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2013 OECD Economic Surveys: Greece 2013

image of OECD Economic Surveys: Greece 2013

OECD's 2013 Economic Survey of Greece examines recent economic developments, prospects and policies. Special chapters cover restoring growth and fairly sharing the social impact of the crisis.

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How to get growth going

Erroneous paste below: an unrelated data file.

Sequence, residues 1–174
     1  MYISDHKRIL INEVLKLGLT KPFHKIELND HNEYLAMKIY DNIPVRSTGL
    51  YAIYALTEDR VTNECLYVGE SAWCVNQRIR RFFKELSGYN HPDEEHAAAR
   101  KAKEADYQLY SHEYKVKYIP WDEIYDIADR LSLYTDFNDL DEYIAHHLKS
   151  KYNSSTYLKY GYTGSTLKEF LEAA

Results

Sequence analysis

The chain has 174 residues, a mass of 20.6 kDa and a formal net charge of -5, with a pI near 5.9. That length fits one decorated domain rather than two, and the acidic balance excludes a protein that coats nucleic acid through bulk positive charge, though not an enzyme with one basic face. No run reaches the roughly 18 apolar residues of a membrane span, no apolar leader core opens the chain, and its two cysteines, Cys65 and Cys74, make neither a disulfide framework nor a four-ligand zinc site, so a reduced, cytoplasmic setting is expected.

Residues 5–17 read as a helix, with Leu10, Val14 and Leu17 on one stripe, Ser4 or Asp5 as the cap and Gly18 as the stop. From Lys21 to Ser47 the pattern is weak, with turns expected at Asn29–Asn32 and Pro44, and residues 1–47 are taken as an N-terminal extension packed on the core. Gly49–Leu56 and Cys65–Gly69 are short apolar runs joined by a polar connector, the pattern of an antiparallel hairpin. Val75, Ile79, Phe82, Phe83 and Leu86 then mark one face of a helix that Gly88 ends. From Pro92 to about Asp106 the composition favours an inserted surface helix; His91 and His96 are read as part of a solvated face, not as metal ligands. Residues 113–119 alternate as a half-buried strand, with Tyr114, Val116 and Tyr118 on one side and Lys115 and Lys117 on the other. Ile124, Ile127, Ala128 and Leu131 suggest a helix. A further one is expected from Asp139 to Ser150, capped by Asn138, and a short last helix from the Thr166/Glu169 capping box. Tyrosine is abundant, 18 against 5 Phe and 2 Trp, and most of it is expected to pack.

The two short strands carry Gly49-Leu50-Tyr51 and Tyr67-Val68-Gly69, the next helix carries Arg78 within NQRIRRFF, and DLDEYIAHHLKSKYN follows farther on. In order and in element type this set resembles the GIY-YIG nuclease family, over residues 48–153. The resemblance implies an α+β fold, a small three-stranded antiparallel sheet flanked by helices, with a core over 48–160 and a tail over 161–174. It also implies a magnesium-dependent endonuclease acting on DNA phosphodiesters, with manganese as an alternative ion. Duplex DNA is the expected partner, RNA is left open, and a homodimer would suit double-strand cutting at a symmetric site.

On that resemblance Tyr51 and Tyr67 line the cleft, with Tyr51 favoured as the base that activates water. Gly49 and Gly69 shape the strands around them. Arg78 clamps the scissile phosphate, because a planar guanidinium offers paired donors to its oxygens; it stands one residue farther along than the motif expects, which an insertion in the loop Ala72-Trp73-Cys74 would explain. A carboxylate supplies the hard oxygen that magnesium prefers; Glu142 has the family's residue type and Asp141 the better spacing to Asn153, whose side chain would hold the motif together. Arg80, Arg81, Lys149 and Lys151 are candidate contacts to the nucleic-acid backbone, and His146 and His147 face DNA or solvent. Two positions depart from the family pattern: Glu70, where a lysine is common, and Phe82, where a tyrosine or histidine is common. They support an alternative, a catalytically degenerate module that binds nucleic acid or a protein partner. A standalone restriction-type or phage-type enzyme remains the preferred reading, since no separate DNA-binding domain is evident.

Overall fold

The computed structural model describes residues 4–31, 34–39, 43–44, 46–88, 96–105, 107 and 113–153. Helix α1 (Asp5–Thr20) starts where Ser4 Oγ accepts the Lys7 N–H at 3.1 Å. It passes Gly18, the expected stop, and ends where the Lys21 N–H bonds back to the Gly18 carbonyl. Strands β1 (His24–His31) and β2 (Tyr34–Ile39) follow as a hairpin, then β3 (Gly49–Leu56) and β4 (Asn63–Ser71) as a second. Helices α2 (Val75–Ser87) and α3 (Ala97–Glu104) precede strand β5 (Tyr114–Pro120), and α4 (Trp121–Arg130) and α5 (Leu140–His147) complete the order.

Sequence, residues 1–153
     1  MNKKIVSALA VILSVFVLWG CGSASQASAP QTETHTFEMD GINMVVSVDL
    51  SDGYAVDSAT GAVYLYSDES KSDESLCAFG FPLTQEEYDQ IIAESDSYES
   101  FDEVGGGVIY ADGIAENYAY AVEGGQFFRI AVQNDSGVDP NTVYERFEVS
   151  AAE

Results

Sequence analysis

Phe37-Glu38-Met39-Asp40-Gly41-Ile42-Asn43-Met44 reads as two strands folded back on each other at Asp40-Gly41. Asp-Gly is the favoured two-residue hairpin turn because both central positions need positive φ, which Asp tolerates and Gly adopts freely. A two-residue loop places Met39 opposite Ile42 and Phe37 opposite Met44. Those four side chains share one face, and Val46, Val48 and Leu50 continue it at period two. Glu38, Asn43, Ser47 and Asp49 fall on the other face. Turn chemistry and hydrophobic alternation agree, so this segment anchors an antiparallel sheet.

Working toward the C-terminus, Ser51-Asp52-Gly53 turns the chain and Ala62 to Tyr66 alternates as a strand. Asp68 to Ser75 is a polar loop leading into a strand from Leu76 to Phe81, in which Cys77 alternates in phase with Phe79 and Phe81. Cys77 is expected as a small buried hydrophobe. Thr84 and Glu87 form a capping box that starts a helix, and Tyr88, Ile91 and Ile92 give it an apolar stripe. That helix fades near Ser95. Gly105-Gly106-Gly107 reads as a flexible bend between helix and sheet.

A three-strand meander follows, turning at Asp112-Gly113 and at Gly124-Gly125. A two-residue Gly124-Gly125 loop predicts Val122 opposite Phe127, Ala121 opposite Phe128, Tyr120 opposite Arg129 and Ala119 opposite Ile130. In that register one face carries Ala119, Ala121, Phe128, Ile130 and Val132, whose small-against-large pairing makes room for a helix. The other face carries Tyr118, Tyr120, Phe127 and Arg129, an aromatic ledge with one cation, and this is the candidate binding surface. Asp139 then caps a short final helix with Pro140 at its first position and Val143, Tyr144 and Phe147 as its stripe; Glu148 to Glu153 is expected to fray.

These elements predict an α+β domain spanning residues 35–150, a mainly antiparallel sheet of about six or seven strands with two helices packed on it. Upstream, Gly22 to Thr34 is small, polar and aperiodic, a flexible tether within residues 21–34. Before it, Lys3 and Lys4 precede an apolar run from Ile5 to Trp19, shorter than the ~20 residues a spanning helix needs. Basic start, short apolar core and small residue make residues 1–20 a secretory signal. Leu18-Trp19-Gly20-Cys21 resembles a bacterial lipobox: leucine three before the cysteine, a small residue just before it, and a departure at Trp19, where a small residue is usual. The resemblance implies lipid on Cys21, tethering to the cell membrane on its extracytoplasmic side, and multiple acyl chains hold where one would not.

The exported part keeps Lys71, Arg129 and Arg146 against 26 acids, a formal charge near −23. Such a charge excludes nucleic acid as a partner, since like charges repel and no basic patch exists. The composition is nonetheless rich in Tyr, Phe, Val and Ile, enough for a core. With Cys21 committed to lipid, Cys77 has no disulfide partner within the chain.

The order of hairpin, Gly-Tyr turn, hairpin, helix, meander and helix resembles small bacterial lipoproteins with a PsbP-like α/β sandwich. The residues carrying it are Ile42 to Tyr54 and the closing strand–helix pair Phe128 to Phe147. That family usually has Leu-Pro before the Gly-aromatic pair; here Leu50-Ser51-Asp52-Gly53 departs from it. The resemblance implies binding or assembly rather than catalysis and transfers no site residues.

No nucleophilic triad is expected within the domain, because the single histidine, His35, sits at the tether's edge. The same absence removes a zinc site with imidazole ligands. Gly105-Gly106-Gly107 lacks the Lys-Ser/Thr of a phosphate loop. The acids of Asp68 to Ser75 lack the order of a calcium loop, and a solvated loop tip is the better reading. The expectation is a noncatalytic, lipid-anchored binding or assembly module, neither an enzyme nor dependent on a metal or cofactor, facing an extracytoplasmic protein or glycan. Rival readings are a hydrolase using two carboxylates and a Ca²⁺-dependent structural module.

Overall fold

The radical adjustment programme initiated in 2010 based on strong fiscal consolidation, deep structural reforms and an internal devaluation to restore international competitiveness has sharply reduced Greece’s fiscal deficit, increased labour market flexibility and reduced labour costs. Shrinking domestic demand has also led to a substantial reduction of the current account deficit. Pension and health care reforms have strengthened longer-term fiscal sustainability. However, despite several revisions, the programme has failed to restore price competitiveness, growth and public debt sustainability. The fiscal contraction has deepened the depression. Economic recovery has been held back by the inability of the banking sector to supply credit and by persistent uncertainties related to the large public debt. Given the time it takes for structural reforms to bear fruit, robust and sustainable growth would be underpinned by faster product market reforms to accelerate price adjustment and foster the reallocation of resources towards more productive and export sectors. Moreover, a more efficient and modernised civil service is essential to improve the quality of and trust in public services, increase willingness to pay taxes, and to strengthen the rule of law, competitiveness, and foreign investment.

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